Thursday, April 17, 2014

Identity Propagation from OAG to REST APIs protected by OWSM


This post describes the necessary configuration for propagating an end user identity from OAG (Oracle API Gateway) to REST APIs protected by OWSM (Oracle Web Services Manager).
The requirements are:

1) Have a Java Subject established in the REST API implementation.
2) Prevent direct access to the REST API, i.e., only OAG should be able to successfully invoke it.

A recurrent question is how OWSM protects REST APIs and which types of tokens it supports when doing so.
If we look at the current OWSM ( predefined policies, we notice a policy named
oracle/multi_token_rest_service_policy, described (verbatim) as:

"This policy enforces one of the following authentication policies, based on the token sent by the client:

HTTP Basic—Extracts username and password credentials from the HTTP header.

SAML 2.0 Bearer token in the HTTP header—Extracts SAML 2.0 Bearer assertion in the HTTP header.

HTTP OAM security—Verifies that the OAM agent has authenticated user and establishes identity.

SPNEGO over HTTP security—Extracts Simple and Protected GSSAPI Negotiation Mechanism (SPNEGO) Kerberos token from the HTTP header."

In this specific use case, we are assuming the end user has already been authenticated by some other means before reaching OAG. In other words, we are assuming OAG gets some sort of token
and validates the user locally, thus populating its attribute. This token OAG receives can be an OAM token, a Kerberos token, SAML token, you name it. It is matter of
a design decision based on OAG's client capabilities.

In a use case like this, it's very unlikely that OAG will have the end user password, which eliminates the HTTP Basic header option. The remaining three are all good candidates. In this post we deal with a SAML 2.0 Bearer token in the HTTP Header. Our flow ends up being something like this: OAG Client -> "some token" -> OAG -> SAML 2.0 Bearer -> OWSM -> REST API.

We're going to examine all necessary configuration in OAG, OWSM and in the REST API application. Buckle up, folks! And let's do it backwards.

REST API Web Application

Here's my REST API Implementation in all its beauty:





public class CarModels {
    public CarModels() {
    public String getModels() {
        Subject s = Security.getCurrentSubject();
        System.out.println("[CarModels] Principals established for the propagated user id:");
        for (Principal p : s.getPrincipals()) {
        String json = "{\"models\":[\"Nice Car\",\"Fast Car\",\"Lightweight Car\",\"Sports Car\",\"Lovely Car\",\"Family Car\"]}";
        return json;

It prints out the user principals and gives back a list of cars. Simple as that.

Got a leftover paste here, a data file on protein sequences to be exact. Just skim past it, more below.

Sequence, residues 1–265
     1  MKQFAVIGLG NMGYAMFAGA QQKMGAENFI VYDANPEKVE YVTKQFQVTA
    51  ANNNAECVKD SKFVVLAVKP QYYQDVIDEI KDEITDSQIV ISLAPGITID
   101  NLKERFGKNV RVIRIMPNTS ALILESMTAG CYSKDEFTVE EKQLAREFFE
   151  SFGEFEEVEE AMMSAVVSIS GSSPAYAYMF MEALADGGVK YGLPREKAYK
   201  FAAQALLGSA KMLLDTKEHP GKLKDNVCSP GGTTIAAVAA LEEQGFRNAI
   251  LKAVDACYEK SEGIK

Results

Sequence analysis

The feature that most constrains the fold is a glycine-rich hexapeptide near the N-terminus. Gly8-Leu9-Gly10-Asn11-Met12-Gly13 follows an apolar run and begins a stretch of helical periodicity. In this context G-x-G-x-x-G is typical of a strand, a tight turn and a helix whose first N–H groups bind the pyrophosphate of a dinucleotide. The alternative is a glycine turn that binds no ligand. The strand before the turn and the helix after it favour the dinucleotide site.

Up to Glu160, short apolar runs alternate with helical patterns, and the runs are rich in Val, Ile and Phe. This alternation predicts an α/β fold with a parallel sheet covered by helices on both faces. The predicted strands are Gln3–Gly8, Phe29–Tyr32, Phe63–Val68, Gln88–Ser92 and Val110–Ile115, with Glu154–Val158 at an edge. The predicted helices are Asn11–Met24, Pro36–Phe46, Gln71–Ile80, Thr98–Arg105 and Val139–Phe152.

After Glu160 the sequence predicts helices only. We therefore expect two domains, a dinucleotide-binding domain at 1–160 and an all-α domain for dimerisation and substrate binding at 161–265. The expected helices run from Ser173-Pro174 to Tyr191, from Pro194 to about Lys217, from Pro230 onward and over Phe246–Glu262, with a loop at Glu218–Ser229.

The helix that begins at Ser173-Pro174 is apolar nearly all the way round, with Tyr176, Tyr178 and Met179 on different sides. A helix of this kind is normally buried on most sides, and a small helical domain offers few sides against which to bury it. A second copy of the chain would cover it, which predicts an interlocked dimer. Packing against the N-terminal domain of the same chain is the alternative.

There's a need for a servlet filter (plus a filter-mapping) to intercept requests to this API. Such a filter is provided by OWSM and works hand in hand with the policy we've briefly talked about previously.

    <filter-name>OWSM Security Filter</filter-name>

    <filter-name>OWSM Security Filter</filter-name>

See that the filter mentions an specific servlet in <init-param>. This servlet simply exposes the REST API Implementation to be protected.


import java.util.Set;
import java.util.HashSet;

public class Services extends Application {
    public Set<java.lang.Class<?>> getClasses() {
        Set<java.lang.Class<?>> s = new HashSet<Class<?>>();
        return s;

The servlet definition completes the necessary configuration in web.xml. Notice the servlet-class is actually Jersey's ServletContainer.



We're going to attach oracle/multi_token_rest_service_policy policy to all REST endpoints in the domain. But only the implementations with the setup shown previously are going to have requests intercepted.
The way to attach the policy is via wlst, as shown:

> connect('weblogic','*****','t3://<admin-server-name>:<admin-port>') 
> beginRepositorySession()
> createPolicySet('owsm-policy-set-multi-token','rest-resource','Domain("<domain-name>")')
> attachPolicySetPolicy('oracle/multi_token_rest_service_policy')
> commitRepositorySession()

This is it. Notice that createPolicySet mentions 'rest-resource' as the resource type. This is key here.

Before asserting the user identity in the incoming token and thus establishing the Java subject, 'oracle/multi_token_rest_service_policy' requires the following characteristics from the received token:
1) It has to be Base64 encoded.
2) It has to be gzipped.
3) It has to be digitally signed.